FUW election hustings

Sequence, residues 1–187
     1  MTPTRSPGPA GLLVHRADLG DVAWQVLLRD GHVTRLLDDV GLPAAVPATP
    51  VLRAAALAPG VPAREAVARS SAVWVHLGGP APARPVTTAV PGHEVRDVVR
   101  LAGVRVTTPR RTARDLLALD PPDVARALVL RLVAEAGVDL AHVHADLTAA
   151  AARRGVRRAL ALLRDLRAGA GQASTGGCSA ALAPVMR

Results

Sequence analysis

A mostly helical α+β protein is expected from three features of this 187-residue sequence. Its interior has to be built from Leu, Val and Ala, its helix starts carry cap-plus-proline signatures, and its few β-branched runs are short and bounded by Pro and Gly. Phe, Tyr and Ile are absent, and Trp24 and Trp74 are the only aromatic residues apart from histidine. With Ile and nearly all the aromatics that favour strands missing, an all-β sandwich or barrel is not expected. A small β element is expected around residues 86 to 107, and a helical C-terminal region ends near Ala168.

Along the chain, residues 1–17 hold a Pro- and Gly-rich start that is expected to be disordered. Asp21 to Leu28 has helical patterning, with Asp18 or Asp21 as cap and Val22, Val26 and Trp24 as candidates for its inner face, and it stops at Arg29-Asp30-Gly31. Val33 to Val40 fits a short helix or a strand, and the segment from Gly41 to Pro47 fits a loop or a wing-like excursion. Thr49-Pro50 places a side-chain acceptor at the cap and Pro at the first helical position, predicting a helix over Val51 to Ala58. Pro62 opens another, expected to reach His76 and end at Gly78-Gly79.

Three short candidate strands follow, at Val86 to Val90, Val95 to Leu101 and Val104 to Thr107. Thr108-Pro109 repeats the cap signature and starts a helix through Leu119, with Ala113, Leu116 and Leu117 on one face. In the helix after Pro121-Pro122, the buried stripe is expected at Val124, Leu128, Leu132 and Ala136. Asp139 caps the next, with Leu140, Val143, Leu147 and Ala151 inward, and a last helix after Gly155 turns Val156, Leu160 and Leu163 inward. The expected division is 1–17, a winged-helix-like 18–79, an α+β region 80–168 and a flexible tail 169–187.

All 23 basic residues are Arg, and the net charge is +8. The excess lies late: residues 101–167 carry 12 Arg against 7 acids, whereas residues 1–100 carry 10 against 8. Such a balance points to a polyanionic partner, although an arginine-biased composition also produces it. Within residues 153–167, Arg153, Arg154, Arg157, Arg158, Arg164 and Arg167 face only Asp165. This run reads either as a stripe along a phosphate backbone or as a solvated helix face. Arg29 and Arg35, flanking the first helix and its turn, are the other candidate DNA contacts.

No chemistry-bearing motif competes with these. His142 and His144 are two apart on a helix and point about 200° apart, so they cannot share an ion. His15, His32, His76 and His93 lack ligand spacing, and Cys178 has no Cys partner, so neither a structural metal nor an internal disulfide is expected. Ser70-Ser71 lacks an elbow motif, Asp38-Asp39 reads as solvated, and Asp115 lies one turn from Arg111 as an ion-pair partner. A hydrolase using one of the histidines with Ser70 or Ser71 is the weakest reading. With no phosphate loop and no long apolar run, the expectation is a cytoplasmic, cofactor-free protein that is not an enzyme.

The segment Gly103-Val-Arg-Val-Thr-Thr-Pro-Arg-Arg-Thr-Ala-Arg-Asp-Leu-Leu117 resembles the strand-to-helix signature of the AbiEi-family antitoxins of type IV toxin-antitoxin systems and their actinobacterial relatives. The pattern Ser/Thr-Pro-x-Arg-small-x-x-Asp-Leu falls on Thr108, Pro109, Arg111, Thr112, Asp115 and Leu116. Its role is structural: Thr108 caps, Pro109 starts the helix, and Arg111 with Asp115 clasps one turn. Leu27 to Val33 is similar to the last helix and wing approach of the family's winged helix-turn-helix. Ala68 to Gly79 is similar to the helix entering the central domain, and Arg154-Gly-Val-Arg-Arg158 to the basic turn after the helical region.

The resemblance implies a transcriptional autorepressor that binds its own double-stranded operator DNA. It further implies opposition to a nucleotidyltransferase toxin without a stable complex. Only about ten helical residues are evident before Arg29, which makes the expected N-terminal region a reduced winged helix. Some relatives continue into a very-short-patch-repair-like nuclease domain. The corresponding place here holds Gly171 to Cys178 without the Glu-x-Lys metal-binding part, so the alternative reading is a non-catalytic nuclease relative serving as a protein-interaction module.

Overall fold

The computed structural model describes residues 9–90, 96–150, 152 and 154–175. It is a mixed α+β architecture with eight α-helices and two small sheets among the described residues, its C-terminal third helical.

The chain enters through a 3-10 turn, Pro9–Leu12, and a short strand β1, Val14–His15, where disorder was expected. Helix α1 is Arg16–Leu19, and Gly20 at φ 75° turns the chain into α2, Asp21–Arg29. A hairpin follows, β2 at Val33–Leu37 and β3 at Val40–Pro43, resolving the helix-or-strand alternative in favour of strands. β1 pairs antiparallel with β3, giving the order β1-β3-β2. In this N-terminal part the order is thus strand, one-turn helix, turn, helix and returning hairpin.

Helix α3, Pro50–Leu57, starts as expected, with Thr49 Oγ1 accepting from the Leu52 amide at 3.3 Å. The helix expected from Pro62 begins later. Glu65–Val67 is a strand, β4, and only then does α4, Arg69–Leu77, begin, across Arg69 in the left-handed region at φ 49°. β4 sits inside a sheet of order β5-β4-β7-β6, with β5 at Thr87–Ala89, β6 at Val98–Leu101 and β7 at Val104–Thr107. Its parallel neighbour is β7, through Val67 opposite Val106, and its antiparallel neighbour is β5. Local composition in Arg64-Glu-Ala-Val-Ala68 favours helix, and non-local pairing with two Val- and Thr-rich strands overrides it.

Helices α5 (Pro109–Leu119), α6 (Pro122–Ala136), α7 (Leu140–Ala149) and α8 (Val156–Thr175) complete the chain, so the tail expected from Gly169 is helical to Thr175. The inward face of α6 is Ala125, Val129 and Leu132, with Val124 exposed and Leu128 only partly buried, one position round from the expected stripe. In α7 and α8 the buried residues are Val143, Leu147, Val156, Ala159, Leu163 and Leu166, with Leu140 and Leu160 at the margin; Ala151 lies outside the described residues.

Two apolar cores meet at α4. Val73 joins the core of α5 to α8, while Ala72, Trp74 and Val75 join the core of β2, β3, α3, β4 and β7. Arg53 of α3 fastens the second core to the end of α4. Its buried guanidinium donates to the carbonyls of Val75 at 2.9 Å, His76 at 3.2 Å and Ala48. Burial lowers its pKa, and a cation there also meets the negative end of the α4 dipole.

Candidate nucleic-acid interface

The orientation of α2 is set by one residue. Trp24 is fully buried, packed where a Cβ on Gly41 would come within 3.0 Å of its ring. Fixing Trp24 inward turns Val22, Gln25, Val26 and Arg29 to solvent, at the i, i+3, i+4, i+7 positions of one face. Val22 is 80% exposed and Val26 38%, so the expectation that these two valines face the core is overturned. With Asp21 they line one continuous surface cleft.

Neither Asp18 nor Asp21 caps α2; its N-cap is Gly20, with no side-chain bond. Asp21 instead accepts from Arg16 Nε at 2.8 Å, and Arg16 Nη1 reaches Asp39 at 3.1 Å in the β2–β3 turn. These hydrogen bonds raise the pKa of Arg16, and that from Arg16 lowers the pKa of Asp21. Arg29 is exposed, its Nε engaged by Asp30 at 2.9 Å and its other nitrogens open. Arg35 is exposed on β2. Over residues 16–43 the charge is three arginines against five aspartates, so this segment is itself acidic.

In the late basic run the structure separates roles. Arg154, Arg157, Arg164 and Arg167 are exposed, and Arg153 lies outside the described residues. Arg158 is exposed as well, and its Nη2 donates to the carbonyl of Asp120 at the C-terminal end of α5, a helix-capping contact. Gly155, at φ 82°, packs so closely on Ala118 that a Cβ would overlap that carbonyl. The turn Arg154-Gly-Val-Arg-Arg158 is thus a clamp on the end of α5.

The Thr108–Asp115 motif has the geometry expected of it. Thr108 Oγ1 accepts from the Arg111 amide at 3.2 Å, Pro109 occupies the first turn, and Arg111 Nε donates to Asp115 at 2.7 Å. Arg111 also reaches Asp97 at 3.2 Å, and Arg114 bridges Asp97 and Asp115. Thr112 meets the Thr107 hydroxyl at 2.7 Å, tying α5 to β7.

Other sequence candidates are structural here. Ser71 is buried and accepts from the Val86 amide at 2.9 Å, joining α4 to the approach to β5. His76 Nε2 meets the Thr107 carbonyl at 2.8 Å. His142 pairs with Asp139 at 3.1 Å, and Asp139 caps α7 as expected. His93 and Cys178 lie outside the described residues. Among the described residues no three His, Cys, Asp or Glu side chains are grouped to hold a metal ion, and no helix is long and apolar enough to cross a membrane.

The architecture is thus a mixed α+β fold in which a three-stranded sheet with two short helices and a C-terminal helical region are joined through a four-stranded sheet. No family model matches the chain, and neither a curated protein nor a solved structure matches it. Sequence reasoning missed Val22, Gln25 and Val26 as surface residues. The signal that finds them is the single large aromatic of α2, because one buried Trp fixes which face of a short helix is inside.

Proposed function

PROCUREMENT was top of the agenda when Glamorgan farmers questioned election candidates. Attending the meeting were Huw Irranca-Davies (Labour), Glenda Jones (UKIP candidate for Ogmore by-election), Andrew R T Davies (Conservatives), Denis Campbell (Liberal Democrats) and Tim Thomas (Plaid Cymru). The event at St Mary’s Hotel, Bridgend, was chaired by FUW Glamorgan county chairman Richard Walker. There was a strong call for the next Welsh Government to ensure more Welsh produce is sourced for hospitals and schools. FUW Glamorgan county executive officer Rachel Saunders said: “Our food produce is grown and reared to the highest welfare standards across Europe. It should be a priority that home grown food is served at our dinner tables before imported food products fill our supermarket shelves. “Welsh and UK produce should be available in our schools, hospitals, local authorities, leisure centres and nursing homes throughout the year. It should be the first choice for supermarkets, restaurants and everyone else with a role to play in the food chain. What we need, now more than ever, is a full commitment to local procurement.” The issues of bovine TB and food security were hotly debated when Pembrokeshire farmers met their Welsh Assembly election candidates. The meeting welcomed Paul Davies (Conservative), Val Bradley (Green Party), Dan Lodge (Labour), Bob Kilmister (Liberal Democrat) and John Osmond (Plaid Cymru). FUW deputy president Brian Thomas, who chaired the meeting, said: “We strongly call on the next Welsh Assembly Government to properly balance the economic needs of farm businesses against the need to minimise disease transmission, and that the practicalities of farming in the real world are taken into full account when considering appeals against penalties and sanctions. “The FUW further urges them to implement a badger culling policy at the earliest opportunity, in line with official ministerial advice previously received by the current Welsh Government, in order to replicate the positive outcomes seen in countries throughout the world.” Carmarthenshire farmers discussed the contentious issue of bovine TB with their prospective Welsh Assembly election candidates. Welcomed to the meeting were William Powell (Welsh Liberal Democrats), Harri Roberts (Plaid Cymru), Edmund Marriage (UKIP) and Christopher Salmon (Dyfed Powys police and crime commissioner representing the Conservatives). FUW Carmarthen county chairman Brian Richards, who chaired the meeting, said: “The main focus for each party was developing and looking after businesses within Wales to ensure that they prospered within and outside Wales. Of course, we all want to see a prosperous Welsh rural economy. Therefore, we remind the new Welsh Government that, in direct contradiction to the views of the FUW and the policies implemented by every other region of the EU, the Welsh Government chose in 2013 to annually reduce farm payments by 15 per cent to fund what was described as an ambitious Rural Development Programme – a decision which continues to have a severe impact on farm incomes. “In light of this we once again call on the next administration to ensure that all farmers have access to practical agri-environment schemes which take account of historical farming practices and do not undermine the productivity of farms.” The issues most concerning farmers in Ceredigion were the eradication of bovine TB. The event, at Lampeter Rugby Club, welcomed Elizabeth Evans (Liberal Democrats), Elin Jones (Plaid Cymru), Gethin James (UKIP), Aled Davies (Conservatives) and Brian Williams (Green Party). There was general consensus among the candidates that the Groceries Code Adjudicator needed more power to tackle unfair practices in the supply chain and that the position of food producers had to be strengthened in the market place. FUW Ceredigion county chairman Aled Rees said: “It is clear that most of the candidates here in Ceredigion and across Wales agree that something has to be done to tackle the crisis of bovine TB. “Farmers always have and always will look after their livestock and put the animals’ welfare at the forefront of their business. Yet they are forced to watch their cattle suffer or being taken away because of this nasty disease time and time again. The current Welsh Government has done nothing to solve the problem, apart from squander money on the BCG vaccine programme, which they then had to abandon. “It baffles me that, even though we cull approximately 150 cattle a week because of bTB, that the topic is barely raised in some manifestos and not at all in others.”

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